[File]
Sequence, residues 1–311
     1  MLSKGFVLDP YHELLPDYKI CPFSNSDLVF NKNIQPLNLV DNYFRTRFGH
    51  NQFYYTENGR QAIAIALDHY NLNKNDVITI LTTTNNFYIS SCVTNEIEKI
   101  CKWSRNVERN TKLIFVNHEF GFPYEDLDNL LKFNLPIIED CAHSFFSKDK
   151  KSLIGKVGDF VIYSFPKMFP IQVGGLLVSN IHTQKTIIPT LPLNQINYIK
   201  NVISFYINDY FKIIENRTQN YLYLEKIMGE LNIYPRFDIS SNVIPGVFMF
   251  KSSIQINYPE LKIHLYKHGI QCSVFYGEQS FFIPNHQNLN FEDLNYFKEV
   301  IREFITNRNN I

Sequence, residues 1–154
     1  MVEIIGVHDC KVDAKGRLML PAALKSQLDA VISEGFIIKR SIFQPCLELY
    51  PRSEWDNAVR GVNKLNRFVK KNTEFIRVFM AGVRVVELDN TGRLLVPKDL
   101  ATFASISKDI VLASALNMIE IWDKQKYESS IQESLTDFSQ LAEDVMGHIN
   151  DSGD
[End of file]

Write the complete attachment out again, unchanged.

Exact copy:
Sequence, residues 1–311
     1  MLSKGFVLDP YHELLPDYKI CPFSNSDLVF NKNIQPLNLV DNYFRTRFGH
    51  NQFYYTENGR QAIAIALDHY NLNKNDVITI LTTTNNFYIS SCVTNEIEKI
   101  CKWSRNVERN TKLIFVNHEF GFPYEDLDNL LKFNLPIIED CAHSFFSKDK
   151  KSLIGKVGDF VIYSFPKMFP IQVGGLLVSN IHTQKTIIPT LPLNQINYIK
   201  NVISFYINDY FKIIENRTQN YLYLEKIMGE LNIYPRFDIS SNVIPGVFMF
   251  KSSIQINYPE LKIHLYKHGI QCSVFYGEQS FFIPNHQNLN FEDLNYFKEV
   301  IREFITNRNN I

Sequence, residues 1–154
     1  MVEIIGVHDC KVDAKGRLML PAALKSQLDA VISEGFIIKR SIFQPCLELY
    51  PRSEWDNAVR GVNKLNRFVK KNTEFIRVFM AGVRVVELDN TGRLLVPKDL
   101  ATFASISKDI VLASALNMIE IWDKQKYESS IQESLTDFSQ LAEDVMGHIN
   151  DSGD